TSAVO NATIONAL PARK WEST
INTRODUCTIONClimbing first started here in 1978 when Bill Woodley, then the warden of Tsavo West, opened up the park to climbers and invited the MCK to explore the cliffs. Though difficult to reach, the setting is one of the best in Kenya and the climbing of a high quality. The gneiss walls are often covered in holds and free of vegetation. Cracks and corners abound, but tend to be more vegetated. The most impressive piece of rock, the 300m high east face, attracted the first explorers and resulted in the ascent of Great Tsavo Chimney. Mastadon took 3 visits before it was completed. A more recent route, Ivory Tower on Elephant Rocks, ranks with the best and hardest bush climb in Kenya. Generally pegs need not be carried. Unless climbing in the shade, an early start is advisable as it often gets very hot on clear days. The permit the MCK has to climb here, and to camp by the Tsavo river, is a special privilege and every effort must be made not to jeopardise this situation by careless actions. The following should be noted.
The track worsens again as it drops towards the Tsavo river. A dry, wide sandy bottomed river is crossed. Drive fast in 2nd gear to avoid getting stuck. Soon after, a similar narrower riverbed is crossed. The track then follows the river with no major obstacles. A big boulder stands on the right side of the track 150m before the camp site. Turn left at a point where the river bends away from the track. In 30m enter shady doum palms beside the riverbank. The Col is directly above and Kitchwa Tembo summit lies on a bearing of 50 east of north. Inquire about the state of the track before making the journey to avoid disappointment.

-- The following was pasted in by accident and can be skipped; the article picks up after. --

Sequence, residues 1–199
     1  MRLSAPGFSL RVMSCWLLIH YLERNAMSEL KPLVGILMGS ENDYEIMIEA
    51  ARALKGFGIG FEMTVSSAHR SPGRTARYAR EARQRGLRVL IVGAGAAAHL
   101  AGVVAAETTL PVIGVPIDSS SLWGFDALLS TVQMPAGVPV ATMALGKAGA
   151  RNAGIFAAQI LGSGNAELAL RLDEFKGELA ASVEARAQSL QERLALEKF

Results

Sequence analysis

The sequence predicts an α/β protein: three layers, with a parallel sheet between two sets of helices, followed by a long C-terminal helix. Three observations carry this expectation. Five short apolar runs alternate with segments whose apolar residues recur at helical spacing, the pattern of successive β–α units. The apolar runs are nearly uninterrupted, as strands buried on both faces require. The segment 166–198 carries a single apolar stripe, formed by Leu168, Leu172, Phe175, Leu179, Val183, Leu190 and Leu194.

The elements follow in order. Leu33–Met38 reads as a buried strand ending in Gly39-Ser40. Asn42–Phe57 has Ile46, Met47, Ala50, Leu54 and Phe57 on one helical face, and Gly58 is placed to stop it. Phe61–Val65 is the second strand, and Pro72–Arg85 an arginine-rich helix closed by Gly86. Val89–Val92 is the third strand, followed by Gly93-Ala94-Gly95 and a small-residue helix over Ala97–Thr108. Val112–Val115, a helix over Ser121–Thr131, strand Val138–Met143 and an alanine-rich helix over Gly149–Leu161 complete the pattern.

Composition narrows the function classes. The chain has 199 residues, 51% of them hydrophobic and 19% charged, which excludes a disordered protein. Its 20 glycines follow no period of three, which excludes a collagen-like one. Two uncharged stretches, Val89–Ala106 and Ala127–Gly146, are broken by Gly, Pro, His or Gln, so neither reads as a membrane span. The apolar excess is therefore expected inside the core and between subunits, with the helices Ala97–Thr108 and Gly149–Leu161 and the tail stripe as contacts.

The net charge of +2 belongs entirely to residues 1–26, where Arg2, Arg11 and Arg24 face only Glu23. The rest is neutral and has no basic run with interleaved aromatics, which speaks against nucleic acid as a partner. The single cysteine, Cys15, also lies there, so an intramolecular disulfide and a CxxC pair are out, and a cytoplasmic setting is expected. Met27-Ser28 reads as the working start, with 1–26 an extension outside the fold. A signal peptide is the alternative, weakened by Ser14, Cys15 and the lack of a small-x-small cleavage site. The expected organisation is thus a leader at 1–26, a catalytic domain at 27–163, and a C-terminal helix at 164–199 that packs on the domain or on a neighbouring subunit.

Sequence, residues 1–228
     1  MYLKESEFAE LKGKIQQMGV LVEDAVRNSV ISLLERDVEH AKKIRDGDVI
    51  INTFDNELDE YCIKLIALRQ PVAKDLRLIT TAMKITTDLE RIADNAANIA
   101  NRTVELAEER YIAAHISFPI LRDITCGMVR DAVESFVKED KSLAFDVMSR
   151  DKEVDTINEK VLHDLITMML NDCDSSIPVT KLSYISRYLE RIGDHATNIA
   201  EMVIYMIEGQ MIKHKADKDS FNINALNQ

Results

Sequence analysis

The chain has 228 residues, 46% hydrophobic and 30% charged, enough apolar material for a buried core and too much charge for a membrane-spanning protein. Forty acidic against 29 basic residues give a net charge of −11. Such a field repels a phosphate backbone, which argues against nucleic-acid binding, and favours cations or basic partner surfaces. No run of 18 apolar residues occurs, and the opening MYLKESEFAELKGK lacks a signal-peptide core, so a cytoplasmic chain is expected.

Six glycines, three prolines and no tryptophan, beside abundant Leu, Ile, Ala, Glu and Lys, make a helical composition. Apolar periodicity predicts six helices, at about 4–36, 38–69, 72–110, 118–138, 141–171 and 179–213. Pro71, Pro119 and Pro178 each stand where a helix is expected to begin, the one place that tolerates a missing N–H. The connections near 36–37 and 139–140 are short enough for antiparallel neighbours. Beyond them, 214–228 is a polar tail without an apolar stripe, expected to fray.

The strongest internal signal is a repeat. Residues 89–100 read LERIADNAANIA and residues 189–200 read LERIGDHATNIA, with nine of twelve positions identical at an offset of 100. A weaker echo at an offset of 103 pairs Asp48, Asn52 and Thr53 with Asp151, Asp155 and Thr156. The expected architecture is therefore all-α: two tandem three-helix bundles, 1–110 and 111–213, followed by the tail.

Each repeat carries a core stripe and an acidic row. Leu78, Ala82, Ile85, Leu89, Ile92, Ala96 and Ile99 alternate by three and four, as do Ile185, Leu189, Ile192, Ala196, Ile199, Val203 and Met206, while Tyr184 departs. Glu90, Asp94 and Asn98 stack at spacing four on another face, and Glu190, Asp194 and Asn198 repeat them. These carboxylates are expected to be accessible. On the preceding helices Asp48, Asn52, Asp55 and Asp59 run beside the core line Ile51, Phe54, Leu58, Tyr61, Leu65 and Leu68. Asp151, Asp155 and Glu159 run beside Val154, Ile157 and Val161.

Without your own transport access is difficult. Numerous buses and matatus run from Nairobi to Mtito Andei at all times of day and night. There is also a train service from Nairobi. However, to travel from here to the campsite would involve hiring a vehicle or a taxi in Mtito Andei; this could prove both difficult and costly.
Access to cliffs: All the cliffs are surrounded by dense bush and woods. Deadfall, vines, thorns, boulders and loose steep soil all combine to impede progress and present difficulties. To minimise these problems choose a route carefully, where possible following animal trails, even if overgrown. If no up/down path exists then traverse till one is found. The access routes described need not be continuous paths, but in their general area there are many animal paths which can be linked together.